eTalk's Danielle McGimsie sits down for an exclusive interview with Ellen DeGeneres

Just weeks before the new season of her smash hit talk show returns to CTV and CTV Two, ETALK reporter Danielle McGimsie sits down with Ellen DeGeneres in her Toronto hotel room for a Canadian television exclusive.

During the interview, DeGeneres discusses everything from the new season of her show to how she lost everything when she came out of the closet. DeGeneres also speaks candidly about being a Cover Girl spokesperson, her music label, and reflects on how far she’s come.

Clips from ETALK’s exclusive interview will air tonight on CTV News Channel and CP24 and tomorrow Friday, August 12 on CP24 BREAKFAST.

Viewers can catch a full 30-minute ETALK Ellen DeGeneres special this September on CTV, just in time for the all-new season of the ELLEN DEGENERES SHOW, premiering Monday, September 12 at 2 p.m. ET on CTV and 4 p.m. ET on CTV TWO (visit to confirm local broadcast times).


Ellen on what’s new for the 9th season of her show:

“Totally different. Everything’s going to change – it’s going to be drama, crying, no dancing, no music. Serious. Just to see what happens….No, kind of the same but [we will] just try to find new fun games and new funny things to talk about. And I think we will, because I don’t know if you’ve heard, but Oprah’s gone now.”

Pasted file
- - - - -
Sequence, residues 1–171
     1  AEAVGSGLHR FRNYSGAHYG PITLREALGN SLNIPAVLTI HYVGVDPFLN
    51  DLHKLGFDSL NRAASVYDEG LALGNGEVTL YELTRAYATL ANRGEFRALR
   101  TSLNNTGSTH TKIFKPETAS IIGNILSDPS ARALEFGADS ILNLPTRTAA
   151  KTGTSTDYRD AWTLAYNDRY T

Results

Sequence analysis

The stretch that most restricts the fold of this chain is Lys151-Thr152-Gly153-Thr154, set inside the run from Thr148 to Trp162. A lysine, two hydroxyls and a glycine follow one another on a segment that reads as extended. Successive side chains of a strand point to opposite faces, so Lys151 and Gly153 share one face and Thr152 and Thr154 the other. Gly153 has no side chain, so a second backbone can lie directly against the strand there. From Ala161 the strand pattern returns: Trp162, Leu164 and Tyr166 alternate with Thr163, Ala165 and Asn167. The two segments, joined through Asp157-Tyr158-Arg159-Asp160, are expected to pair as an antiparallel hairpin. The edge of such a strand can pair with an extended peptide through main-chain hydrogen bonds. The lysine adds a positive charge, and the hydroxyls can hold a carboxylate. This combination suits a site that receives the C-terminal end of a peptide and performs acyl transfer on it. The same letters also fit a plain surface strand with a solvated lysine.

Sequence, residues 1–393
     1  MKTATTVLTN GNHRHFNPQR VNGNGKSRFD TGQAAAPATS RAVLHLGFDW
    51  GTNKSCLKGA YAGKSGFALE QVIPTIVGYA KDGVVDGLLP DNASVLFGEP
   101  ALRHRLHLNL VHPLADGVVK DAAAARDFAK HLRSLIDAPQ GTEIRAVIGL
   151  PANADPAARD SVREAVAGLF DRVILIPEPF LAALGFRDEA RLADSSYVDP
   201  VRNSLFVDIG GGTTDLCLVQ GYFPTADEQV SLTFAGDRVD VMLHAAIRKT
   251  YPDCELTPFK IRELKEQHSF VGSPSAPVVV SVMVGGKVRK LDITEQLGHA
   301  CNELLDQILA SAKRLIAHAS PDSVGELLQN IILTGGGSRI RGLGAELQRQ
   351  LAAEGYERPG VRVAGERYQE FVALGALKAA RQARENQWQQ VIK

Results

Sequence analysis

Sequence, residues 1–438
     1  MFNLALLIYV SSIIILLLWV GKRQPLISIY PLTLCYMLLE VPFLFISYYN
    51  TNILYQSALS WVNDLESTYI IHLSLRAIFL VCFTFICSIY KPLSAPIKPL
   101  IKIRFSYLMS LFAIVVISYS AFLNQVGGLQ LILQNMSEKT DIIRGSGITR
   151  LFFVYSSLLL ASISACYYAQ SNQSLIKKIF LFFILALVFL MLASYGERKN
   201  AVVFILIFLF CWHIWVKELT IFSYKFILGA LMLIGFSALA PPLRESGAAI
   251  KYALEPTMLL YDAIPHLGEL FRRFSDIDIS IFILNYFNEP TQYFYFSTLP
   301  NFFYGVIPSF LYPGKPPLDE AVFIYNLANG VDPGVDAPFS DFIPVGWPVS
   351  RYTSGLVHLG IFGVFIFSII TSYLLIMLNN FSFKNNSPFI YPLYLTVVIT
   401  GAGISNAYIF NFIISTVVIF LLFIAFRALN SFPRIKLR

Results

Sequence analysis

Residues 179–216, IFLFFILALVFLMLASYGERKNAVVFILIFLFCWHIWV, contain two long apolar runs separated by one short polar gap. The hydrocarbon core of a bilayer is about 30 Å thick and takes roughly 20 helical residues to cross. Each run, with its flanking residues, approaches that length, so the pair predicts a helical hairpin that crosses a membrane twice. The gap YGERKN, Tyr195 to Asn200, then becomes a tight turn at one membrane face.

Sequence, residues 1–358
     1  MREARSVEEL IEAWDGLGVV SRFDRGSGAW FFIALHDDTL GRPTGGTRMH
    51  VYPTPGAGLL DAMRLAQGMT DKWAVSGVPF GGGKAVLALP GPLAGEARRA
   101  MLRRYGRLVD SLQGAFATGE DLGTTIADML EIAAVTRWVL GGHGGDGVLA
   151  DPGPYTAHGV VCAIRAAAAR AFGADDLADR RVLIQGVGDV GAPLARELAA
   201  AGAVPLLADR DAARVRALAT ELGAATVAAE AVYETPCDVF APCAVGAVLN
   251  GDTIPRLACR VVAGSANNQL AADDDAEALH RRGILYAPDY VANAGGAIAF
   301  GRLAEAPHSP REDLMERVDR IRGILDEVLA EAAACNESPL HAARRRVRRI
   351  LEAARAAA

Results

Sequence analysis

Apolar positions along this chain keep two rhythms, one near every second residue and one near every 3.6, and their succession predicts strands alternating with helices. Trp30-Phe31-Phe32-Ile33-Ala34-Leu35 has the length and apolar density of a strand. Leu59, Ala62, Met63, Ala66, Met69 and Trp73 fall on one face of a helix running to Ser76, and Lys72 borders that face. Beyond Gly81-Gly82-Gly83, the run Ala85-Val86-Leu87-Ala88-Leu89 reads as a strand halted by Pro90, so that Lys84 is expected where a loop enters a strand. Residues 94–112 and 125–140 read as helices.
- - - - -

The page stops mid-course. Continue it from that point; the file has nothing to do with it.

Ellen on being a Cover Girl spokesperson:

“I lost my career coming out. I lost my career for three years, did not have a career and every major sponsor and advertiser pulled out of my sitcom because they didn’t want to have any part of me. So to have a person, you know a company, who believes in me that much to say ….you’re 53-years-old, you’re openly gay, and we want you to represent us and what beauty is. You know, that, that’s like the most amazing comeback… I could ever imagine. To lose everything and to be the face of a company like that and say beauty comes from within.”


Ellen on her music label and dream of becoming a singer:

“Oddly enough, when I started out a long, long time ago, before I realized I was going to have a career in stand-up, I wanted to be a singer and I used to write songs all the time.  I was 13-years-old and I wrote every single day and sometimes it was poetry and sometimes it was going to be a song… then I don’t really sing that well so there was that dream. I like music so that just seemed like an obvious thing [to have a label].”

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